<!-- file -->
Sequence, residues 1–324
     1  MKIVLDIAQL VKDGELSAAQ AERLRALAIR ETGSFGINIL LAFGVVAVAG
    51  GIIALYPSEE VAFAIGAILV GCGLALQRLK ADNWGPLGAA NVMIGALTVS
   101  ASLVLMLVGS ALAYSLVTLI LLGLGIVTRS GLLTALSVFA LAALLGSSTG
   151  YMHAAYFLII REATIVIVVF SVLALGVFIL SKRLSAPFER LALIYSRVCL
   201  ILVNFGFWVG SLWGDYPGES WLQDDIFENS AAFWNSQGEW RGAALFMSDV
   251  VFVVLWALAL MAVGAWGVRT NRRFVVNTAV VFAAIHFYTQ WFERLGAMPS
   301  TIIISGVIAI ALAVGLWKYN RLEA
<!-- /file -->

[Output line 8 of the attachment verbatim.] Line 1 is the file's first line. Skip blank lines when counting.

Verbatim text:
   301  TIIISGVIAI ALAVGLWKYN RLEA